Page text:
As 2009 comes to a close we wanted to celebrate by bringing you a week’s worth of your favorite articles that we’re run on Publishing Perspectives. We’ll be back on Monday, January 4, with our next new feature. In the meantime, enjoy the best of ’09 and check our news blog for updates and analysis.
Today, we look at the success of the remainder business, despite the down economy.
By Edward Nawotka
KNOXVILLE, TN: “For a long time the remainder market wasn’t considered a legitimate part of the book trade,” says Larry May. May, who runs The Spring Book Show and the Great American Bargain Book Show, remainder book trade fairs held in Atlanta and Boston respectively, believes that perception has finally turned around. “Maybe it’s the economy, but retailers have finally realized just how much money they can make in remainders and hurts.”
The global economic recession has given retailers and distributors a much greater incentive to go hunting for deals. As a consequence, one of the few burgeoning areas of the book business not in the digital domain is the remainder and hurts market.
While no overall statistics are tracked for the segment — as publishers are often reluctant to release details about what they are sending out to be sold on the cheap — anecdotal evidence suggests that the slow holiday sales of last Christmas and the lackluster first two quarters of this year have pushed larger and larger quantities of higher quality books less often seen in this secondary market.
For overseas buyers traveling to the United States to buy remainders, the first stop has traditionally been 230 Fifth Avenue in New York City, where many of the largest US remainder dealers maintain appointment-only show rooms. When BookExpo America was in New York earlier this year, buying activity at 230 started a week before BEA opened and lasted until dealers ran out product: Unlike traditional book retail purchases, when publishers try to ensure there’s enough to go around for everyone, remainder buyers are competing over a finite supply.
In recent years, the strength of the Euro and other currencies against the dollar has made buying American bargain books a relative, well, bargain, prompting buyers to return to the U.S. numerous times — including visits to both of May’s shows, as well as CIROBE (the Chicago International Remainder and Overstock Book Expo), the largest remainder book show in the United States, which takes place in November.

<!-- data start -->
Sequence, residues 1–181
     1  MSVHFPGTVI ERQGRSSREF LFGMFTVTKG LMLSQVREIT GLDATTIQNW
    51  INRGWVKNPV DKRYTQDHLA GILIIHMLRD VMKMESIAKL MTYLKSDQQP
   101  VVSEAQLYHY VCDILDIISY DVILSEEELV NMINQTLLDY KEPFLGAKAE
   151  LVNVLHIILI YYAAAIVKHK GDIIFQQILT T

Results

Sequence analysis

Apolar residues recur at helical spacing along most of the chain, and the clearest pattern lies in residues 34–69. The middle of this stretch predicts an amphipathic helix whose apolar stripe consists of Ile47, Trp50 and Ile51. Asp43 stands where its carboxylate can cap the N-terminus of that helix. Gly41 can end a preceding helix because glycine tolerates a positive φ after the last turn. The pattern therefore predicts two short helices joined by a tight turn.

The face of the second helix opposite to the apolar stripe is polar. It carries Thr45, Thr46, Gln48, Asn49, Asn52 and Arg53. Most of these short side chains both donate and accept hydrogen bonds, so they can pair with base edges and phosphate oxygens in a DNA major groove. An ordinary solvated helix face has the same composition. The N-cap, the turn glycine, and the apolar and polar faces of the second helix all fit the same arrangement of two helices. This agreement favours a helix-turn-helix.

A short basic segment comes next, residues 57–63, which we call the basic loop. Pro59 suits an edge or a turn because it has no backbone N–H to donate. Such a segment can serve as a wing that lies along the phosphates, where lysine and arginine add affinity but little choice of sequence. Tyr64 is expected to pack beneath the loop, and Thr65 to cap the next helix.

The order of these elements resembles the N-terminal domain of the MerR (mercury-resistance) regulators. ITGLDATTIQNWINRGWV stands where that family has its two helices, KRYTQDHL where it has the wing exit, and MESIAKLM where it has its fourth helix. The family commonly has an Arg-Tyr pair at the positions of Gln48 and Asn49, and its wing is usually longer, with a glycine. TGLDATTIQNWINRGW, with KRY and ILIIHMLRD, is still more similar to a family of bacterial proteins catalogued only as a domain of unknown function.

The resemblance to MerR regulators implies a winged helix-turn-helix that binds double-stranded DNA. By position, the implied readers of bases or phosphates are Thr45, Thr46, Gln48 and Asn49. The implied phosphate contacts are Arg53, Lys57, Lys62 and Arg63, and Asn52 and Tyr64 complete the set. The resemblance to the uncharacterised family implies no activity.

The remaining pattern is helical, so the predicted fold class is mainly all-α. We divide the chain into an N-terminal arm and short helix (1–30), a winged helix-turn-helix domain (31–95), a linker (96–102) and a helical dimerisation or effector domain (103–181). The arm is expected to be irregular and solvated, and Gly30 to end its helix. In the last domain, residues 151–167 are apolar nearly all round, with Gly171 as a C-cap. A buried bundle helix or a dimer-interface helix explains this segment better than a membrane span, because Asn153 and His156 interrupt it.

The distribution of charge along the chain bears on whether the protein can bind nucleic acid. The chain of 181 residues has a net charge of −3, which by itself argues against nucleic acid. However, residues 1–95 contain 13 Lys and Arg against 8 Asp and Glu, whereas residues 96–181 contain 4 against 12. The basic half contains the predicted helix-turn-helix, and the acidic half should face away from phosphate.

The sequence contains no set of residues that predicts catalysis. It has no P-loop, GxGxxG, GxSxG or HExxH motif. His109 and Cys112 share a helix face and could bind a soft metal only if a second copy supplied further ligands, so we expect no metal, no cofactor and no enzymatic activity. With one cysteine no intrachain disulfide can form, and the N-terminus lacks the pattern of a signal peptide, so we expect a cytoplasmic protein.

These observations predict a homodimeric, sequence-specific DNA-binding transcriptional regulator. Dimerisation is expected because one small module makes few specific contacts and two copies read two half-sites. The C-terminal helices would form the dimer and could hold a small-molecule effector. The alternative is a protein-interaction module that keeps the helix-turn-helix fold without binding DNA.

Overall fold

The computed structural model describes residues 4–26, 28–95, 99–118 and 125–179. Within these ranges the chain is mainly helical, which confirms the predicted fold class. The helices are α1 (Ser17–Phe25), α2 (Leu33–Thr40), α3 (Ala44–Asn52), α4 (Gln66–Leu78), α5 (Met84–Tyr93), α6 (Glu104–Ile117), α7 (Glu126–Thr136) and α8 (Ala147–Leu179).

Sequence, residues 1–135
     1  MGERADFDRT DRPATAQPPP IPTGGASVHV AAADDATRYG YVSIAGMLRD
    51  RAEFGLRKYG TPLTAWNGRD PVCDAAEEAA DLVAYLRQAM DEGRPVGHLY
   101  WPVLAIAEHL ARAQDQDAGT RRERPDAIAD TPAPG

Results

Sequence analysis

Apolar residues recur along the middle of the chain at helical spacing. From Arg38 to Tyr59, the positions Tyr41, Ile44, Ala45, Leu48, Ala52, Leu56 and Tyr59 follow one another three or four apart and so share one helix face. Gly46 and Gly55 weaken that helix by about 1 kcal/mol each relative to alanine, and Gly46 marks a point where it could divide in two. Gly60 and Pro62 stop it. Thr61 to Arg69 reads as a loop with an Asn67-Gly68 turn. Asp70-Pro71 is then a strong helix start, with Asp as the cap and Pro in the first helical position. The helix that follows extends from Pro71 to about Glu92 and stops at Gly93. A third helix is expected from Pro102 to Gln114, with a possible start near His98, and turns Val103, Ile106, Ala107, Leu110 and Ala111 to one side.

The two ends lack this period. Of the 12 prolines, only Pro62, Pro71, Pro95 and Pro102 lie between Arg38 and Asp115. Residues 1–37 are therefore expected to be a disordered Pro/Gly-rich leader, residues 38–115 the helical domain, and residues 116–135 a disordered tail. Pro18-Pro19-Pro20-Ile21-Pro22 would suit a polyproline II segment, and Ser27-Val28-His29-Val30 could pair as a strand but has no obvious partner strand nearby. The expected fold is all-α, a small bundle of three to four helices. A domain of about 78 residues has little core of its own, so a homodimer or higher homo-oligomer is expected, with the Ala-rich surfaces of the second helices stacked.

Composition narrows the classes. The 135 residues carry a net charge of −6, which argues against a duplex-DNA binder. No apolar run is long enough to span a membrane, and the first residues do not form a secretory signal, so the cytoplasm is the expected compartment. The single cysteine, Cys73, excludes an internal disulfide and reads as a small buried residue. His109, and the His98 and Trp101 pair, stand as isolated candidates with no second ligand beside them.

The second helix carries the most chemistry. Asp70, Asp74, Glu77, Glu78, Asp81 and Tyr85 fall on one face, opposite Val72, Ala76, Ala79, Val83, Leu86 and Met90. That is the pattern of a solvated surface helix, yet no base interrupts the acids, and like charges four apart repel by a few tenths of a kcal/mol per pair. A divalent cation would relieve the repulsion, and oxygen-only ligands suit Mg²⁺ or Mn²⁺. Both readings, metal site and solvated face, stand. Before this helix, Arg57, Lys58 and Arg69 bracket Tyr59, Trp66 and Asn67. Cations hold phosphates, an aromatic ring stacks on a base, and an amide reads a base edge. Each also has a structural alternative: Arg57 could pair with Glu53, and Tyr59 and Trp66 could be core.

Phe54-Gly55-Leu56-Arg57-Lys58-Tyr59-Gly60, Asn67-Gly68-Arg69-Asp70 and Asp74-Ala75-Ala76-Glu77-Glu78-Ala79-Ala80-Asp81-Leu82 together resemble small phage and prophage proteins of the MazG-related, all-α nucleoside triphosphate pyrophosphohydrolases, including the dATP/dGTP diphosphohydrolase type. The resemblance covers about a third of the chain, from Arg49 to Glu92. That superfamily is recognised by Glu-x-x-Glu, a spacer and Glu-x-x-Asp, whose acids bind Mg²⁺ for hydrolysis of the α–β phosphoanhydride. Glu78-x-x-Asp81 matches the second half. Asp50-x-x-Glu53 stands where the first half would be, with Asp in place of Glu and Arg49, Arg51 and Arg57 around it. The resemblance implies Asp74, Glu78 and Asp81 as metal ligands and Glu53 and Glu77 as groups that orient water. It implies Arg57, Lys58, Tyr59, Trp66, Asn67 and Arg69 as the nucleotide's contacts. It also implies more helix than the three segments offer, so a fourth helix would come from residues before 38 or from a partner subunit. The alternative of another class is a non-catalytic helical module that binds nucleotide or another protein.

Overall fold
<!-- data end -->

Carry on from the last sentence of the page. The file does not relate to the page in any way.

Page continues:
May says that in recent years, international participation at his two shows has grown dramatically – so much so that he decided to move this August’s Great American Bargain Book Show (GABBS) to Boston, Mass. from Atlanta, GA, where it has previously been located.
“It’s less hot in Boston in August than in Georgia,” said May, “and because of its proximity to New York, it’s also a much better place to connect international booksellers and buyers.” Within a short drive of Boston are three large remainder warehouses that fairgoers will have the opportunity to visit firsthand, including Strictly By-The-Book in Fall River, Mass., World Publications, in Bridgewater, Mass., and Symposium Books in Providence, Rhode Island.
As at the Spring Book Show earlier this year, a number of international vendors will be selling remainders, including Caxton and PR Books, as well as Columbia Marketing from the UK and Fairmont Books and Book Depot from Canada.
But it’s the overseas buyers that outnumber the sellers. European buyers are already familiar with the market and have been showing up in greater numbers each successive year, says May.
“Oddly, the Spanish and Hispanic markets have been relatively weak,” adding, “The real growth is in Asia: the Korean, Japanese and Chinese markets have been pretty strong in the past five years. There’s demand in their countries for English language books, but to buy them new and import them can be extremely expensive. So remainders are a good option.”
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